It’s all about health.

Health is one of those things that I like to manage myself. Now I know that for me to sleep well and limit that minor bump on the migraine, I have to limit my consumption. Sometimes one drink is too much but often I don’t know until the next day if I’ve caused a negative impact.

Logic says that I should be saying good bye…

The thing is I’ve changed my diet, my exercise program, where I go and who I go out with, all to limit my need for drugs to manage my health. Alcohol is my last food related vice. I never had many but they are all gone. The fried egg sandwiches, nachos, soft drinks, aged cheese, fresh baked bread, and goldfish crackers are all things of the past. There is nothing left to comfort myself with or use as a reward system.

That was what the scotch was for.

Scotch is the ritual that allows me to relax. It was what helped me handle the stress when everything in my life was falling apart. Just the smell of a good island scotch makes me smile. There is enormous power in the wafting scent of peat and seaweed, a strange sort of something that my brain responds to with pleasure.

My scotch brought me happiness when few things in my life did. Often it was less than a glass. Sometimes when I had a migraine I would simply pour enough in so that I could smell it.

I need sleep, but I love my scotch. I wonder if there is any way I can keep my vice and still provide my brain with its much needed downtime?

Moderation in all things I suppose.

We shall see.

~ Tess

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In Search of… Information on Insomnia

Since I had yet another fun filled night of dreams and delusions I decided to do some research on insomnia. Nice to know that I’m not alone – 20% of the population will experience insomnia at some point in their lifetime.

Unfortunately the really interesting bits are locked away in scholarly journals I don’t have access to (I’m hoping there is a “yet” in there). But with a little judicious Googling I was able to find some additional information in the hope that tonight will be better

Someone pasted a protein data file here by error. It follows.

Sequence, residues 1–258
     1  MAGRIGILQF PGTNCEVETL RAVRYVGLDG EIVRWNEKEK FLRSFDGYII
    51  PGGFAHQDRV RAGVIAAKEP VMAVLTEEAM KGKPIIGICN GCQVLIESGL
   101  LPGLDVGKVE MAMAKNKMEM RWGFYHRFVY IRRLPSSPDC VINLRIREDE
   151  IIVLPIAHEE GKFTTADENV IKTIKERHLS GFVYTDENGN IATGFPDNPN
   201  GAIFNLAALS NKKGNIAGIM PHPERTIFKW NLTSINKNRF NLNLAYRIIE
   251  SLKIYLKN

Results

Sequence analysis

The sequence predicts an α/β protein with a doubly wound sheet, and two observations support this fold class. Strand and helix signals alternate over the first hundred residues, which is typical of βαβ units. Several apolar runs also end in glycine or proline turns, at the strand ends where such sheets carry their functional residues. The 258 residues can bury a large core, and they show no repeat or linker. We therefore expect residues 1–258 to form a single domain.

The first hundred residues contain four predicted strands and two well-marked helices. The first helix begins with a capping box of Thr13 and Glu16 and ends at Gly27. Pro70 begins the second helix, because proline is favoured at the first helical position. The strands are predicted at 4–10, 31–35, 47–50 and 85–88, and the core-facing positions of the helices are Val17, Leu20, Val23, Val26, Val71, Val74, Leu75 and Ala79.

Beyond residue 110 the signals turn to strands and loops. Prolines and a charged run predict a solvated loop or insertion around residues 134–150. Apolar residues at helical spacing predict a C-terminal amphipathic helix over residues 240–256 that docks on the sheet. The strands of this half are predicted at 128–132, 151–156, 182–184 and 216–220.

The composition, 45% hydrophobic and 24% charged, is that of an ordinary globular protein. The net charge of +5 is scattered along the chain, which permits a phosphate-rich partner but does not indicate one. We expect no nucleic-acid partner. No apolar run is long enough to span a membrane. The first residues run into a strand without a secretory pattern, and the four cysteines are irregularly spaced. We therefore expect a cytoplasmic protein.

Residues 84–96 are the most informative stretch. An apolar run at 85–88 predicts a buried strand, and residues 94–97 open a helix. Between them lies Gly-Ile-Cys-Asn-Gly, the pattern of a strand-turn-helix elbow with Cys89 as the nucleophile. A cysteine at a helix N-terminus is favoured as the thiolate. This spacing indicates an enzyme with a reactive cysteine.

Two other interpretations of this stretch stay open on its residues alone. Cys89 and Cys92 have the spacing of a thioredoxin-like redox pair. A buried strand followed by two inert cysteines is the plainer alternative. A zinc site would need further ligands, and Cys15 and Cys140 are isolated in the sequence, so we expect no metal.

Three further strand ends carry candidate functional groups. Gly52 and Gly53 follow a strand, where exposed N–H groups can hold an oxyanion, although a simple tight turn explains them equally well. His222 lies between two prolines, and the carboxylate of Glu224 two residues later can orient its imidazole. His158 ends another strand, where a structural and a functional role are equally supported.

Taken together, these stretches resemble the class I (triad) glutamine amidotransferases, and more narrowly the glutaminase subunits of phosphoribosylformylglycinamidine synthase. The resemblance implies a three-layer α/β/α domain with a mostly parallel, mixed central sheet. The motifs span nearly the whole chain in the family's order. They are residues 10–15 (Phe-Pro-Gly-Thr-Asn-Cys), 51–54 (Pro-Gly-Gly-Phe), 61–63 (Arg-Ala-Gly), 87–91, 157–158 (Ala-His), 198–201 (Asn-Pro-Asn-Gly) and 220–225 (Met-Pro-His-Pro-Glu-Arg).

The Three most Common Causes of Insomnia

Snoring, Stress & Lifestyle

First – I’m going to assume that I don’t snore. In 20 years of relationships I’m sure someone would have mentioned it. So I don’t have to worry about that.

Second – Stress sounded like a good target. Part of their description is “When the mind is occupied, it is hard for it to shut off and sleep.” They mention reliving events, conversations, etc. All that good work stress stuff. Like when I started a new job and used Excel for the first time all day long. I dreamed about spreadsheets for weeks.  

This article recommended that I use aromatherapy or background music to quiet my mind. Nothing that smells is a possibility in my life but I could try my “soother” I love the sound of thunderstorms and that may successfully occupy my brain and let me sleep.

I’ve decided for the next several weeks to give up all alcohol and to limit my caffeine to coffee in the morning and tea only until 3 ish.

Third – Well, yes… I don’t maintain a normal schedule anymore, I could probably cut down on caffeine and alcohol, and although I have a new mattress I could use new pillows.

I’ll try and maintain a normal schedule – I wanted to get to bed early last night (10 pm) and it really didn’t work.

Oh, and melatonin and some chamomile tea 30 minutes before I go to bed sounds easy enough.

And then for the bad news article… if the “sufferer has experienced continuously broken sleep patterns for more than four weeks…a symptom of something far more serious – clinical depression.”

Lovely – I’ve been in this state for at least six weeks and probably more.

Interestingly enough the same article hinted at another player in the insomnia game – allergies. Well, I’ve got those in spades. Wonder if they might be adding to something going on in my life?